Jeannine Cook, owner of Philadelphia bookstore Harriett’s Bookshop, is leading the efforts in making Harriet Tubman Day recognized as a federal holiday after gaining momentum in the House through her petition.
Having opened in February 2020, Cook, 38, honors the American hero also known for being an outspoken advocate of women’s rights, by her store’s namesake and celebrates books by women authors, activists, and artists.
Cook has gathered over 8,100 signatures on a petition to Congress to honor Tubman’s legacy and the countless lives she saved by aiding their freedom. Additionally, she gives out postcards at her bookstore where customers can write their representatives in hopes of making the holiday a reality, reports NBC News.
Please consider telling your schools to join our letter writing campaign to make #HarriettTubmanDay the first federal holiday named for a woman. It was accepted into congress (HR 7013) and now it needs cosponsors. We plan to publish these letters as a book. So send us pics! pic.twitter.com/tgvfdv7O8L
— Harriett’s Bookshop (@harriettsbooks) March 13, 2022
Rep. Brendan Boyle, D-Pa., introduced a bill in the House in March that proposes Harriet Tubman Day as a federal holiday following that of Washington’s birthday. It is co-sponsored by five Democratic representatives, though not scheduled for a vote.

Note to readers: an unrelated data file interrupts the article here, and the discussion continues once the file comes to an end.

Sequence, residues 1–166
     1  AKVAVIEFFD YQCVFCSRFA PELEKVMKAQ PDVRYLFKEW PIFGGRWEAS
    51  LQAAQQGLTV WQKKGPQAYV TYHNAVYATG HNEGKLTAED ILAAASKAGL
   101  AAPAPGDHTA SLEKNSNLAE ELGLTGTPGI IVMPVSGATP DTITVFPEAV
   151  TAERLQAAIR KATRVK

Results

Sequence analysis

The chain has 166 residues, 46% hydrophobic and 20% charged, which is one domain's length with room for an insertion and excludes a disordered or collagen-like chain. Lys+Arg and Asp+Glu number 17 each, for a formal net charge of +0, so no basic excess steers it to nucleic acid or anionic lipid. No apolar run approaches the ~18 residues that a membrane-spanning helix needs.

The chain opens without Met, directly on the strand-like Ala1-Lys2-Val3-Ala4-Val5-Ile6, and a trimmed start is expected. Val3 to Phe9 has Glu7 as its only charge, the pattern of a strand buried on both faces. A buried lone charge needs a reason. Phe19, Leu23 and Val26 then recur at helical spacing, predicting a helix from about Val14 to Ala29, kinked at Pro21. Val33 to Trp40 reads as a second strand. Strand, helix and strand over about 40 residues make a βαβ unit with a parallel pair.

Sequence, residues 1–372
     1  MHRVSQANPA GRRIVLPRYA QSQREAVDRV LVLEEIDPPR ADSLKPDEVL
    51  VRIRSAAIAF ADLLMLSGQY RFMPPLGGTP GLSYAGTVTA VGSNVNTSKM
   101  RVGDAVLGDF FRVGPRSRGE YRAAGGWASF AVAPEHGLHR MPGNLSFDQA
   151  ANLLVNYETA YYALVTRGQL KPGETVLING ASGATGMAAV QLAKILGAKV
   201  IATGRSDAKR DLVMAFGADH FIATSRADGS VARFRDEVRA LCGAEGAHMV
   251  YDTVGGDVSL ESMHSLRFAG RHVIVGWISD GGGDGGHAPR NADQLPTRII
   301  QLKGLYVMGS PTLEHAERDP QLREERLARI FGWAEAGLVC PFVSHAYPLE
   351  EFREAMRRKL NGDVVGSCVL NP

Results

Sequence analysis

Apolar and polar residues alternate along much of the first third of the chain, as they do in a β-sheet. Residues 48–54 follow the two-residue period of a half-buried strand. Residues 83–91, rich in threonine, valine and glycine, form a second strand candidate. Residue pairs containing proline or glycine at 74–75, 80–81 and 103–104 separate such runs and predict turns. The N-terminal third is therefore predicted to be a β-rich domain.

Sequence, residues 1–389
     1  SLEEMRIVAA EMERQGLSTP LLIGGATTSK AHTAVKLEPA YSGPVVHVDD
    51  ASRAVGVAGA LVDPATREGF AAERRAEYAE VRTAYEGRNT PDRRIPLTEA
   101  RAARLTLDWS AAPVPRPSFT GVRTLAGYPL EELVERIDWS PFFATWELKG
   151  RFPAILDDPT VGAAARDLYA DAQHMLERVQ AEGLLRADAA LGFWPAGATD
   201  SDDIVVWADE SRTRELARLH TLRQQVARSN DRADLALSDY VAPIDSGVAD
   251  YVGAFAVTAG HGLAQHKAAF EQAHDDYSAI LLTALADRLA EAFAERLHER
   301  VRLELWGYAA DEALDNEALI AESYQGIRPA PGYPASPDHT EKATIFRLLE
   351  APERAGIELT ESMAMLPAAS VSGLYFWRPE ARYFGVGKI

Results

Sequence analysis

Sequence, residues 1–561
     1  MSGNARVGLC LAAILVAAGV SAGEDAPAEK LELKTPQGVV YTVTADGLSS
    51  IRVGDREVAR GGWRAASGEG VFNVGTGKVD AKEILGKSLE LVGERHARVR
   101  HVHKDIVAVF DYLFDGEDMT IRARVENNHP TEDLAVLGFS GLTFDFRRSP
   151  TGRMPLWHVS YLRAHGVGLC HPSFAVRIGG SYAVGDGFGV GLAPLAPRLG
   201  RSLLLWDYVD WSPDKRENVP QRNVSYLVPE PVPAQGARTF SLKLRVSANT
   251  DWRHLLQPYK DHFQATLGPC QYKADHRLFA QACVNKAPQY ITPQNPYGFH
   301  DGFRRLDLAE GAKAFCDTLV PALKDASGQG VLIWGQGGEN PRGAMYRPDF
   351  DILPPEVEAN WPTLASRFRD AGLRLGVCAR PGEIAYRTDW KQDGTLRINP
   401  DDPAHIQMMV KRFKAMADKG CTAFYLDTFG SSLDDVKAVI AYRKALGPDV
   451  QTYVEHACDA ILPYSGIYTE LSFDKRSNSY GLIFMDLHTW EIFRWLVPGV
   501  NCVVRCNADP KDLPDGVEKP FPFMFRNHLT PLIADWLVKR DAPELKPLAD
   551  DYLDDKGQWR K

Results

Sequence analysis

In 1990, President George H.W. Bush proclaimed Harriet Tubman Day to be March 10, following a resolution by Congress. However, that resolution never came to fruition and after a 2030 delay of immortalizing Tubman on the $20 bill, Cook and other supporters of the cause assert that Tubman deserves a more immediate national recognition.
“It’s the multifacetedness of Harriet that I find so extraordinary,” Cook said. “There were so many ways she, I believe, exemplifies how to take the worst of what society has offered and to transmutate that into an immense amount of power — not for yourself, but for the people around you.”
Fascinated by the abolitionist ever since she was a child picking up a book about Tubman’s triumphs at her school’s library, Cook learned all that she could about her life, uplifted by how her acts of immeasurable courage in the Underground Railroad forever changed the trajectory of American history.
“It’s remarkable that she survived and she was able to accomplish the things we all know… This is a disabled woman who really achieved amazing things,” Cook said.
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She has hope the passing of the federal holiday would also advance the arrangement of reparations for descendants of enslaved people.
“It could be a day that supports us with how to mourn the tragedy that slavery was,” she said, “and how to focus on repairing that harm.”